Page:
Build a Better Charcuterie Board

Build a Better Charcuterie Board

Charcuterie boards are definitely trending—and for good reason. These fun and easy platters offer infinite opportunities for flavor, texture and visual appeal. Just select your plate, board, or platter and start building! Here are some ideas to help keep your creation on the healthy side.

Fill it up with fruit

With so many types of fruit to choose from, it can be hard to pick just a few. Seasonal fruit offers a sweet way to add color and texture. Consider grapes, pears, and apples when temperatures are cooler and berries, cherries, apricots, peaches, and melons in warmer months.

Dried fruits like cranberries, figs, and raisins can provide texture, but know that they may have added sugars.

Tip: Want to keep cut fruit, like apples, pears and peaches, from browning? Before plating, mix the cut fruit in a blend of 2 tablespoons of honey to 1 cup of water, then drain.

Bring on the veggies

As with fruit, your vegetable options are nearly endless. Fresh crudités like carrots, bell peppers, pink radishes, and celery are classic choices, along with snap peas, green beans and cucumber.

For an added twist, stack lettuce leaves on your platter for making wraps. Romaine, butterhead, and leaf lettuce offer a sturdy structure and healthy doses of vitamins and minerals.

Pick your proteins

If meat is a must, look for unprocessed and low-fat items. For healthier fare, limit deli meat and include more of these options:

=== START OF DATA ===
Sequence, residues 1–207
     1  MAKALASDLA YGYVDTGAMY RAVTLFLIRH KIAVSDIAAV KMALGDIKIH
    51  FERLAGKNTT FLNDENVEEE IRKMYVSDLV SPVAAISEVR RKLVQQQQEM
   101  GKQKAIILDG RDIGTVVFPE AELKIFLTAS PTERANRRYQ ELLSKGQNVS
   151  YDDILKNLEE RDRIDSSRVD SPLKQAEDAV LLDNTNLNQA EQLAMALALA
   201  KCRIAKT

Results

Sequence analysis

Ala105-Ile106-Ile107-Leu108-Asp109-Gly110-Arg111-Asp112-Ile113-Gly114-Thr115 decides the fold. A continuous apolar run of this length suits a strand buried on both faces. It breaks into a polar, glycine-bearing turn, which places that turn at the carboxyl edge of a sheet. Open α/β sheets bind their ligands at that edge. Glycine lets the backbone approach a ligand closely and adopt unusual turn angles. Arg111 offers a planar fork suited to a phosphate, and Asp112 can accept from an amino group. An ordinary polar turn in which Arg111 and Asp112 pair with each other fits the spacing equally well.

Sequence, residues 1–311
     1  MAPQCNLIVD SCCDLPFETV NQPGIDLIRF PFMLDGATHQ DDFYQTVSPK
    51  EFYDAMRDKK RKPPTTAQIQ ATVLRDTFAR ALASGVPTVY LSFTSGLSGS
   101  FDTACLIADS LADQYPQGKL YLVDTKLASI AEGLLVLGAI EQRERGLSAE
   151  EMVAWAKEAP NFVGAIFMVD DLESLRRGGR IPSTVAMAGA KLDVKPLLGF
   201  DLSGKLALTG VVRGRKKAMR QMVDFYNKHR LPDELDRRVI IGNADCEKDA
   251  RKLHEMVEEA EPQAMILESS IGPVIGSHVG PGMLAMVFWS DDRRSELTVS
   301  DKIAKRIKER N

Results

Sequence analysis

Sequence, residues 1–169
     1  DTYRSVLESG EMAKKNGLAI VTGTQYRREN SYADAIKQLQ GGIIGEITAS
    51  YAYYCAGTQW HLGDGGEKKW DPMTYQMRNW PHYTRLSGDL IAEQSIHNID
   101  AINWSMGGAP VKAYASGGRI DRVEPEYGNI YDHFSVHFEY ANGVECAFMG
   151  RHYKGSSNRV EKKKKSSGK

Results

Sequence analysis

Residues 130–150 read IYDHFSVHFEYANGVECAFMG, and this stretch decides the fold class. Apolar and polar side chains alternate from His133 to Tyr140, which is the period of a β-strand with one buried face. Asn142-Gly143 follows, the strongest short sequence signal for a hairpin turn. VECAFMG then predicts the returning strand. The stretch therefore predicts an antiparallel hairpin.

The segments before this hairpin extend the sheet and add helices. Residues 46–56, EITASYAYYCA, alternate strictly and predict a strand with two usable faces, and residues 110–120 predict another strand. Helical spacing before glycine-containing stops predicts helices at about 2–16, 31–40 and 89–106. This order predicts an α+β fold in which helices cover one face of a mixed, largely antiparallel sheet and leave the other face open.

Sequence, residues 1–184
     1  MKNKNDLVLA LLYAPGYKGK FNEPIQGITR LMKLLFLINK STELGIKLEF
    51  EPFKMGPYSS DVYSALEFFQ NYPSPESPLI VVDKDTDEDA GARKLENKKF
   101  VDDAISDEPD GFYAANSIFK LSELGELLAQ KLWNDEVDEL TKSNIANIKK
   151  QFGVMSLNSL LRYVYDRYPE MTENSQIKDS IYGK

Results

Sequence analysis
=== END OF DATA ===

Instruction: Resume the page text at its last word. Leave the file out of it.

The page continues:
• Sliced leftover chicken or turkey breast
  • Hard-boiled eggs
  • Roasted chickpeas
  • Nuts, such as almonds, pecans and walnuts
  • Grilled shrimp

Choose your cheese

True: Cheese is often high in unhealthy saturated fat and sodium. Also true: It provides plenty of protein, calcium, vitamins and other nutrients. For most people, moderation is the key.

To bring balance to your board, offset a saltier favorite like Brie with a lower sodium option such as Swiss—and offer more of the latter. Read nutrition labels, and look for low-calorie, reduced-fat, or fat-free versions of cheese.

Firmer cheeses like Swiss, cheddar, and mozzarella are naturally low in lactose. But if you want to avoid dairy entirely, you can find dairy-free cheese, too.

Go-to grains

Whole grains are linked to a host of health benefits, such as lowering risk for heart disease, helping manage weight, and supporting healthy digestion. So whether you prefer baguettes, bagel chips, crackers, or pita wedges, aim to make half of the grains you eat whole-grain.

If you’re following a gluten-free diet, be sure to check labels and look for alternative grains, like buckwheat, flax or quinoa.

About The Author

Valley Medical Center's Marketing and Community Outreach Office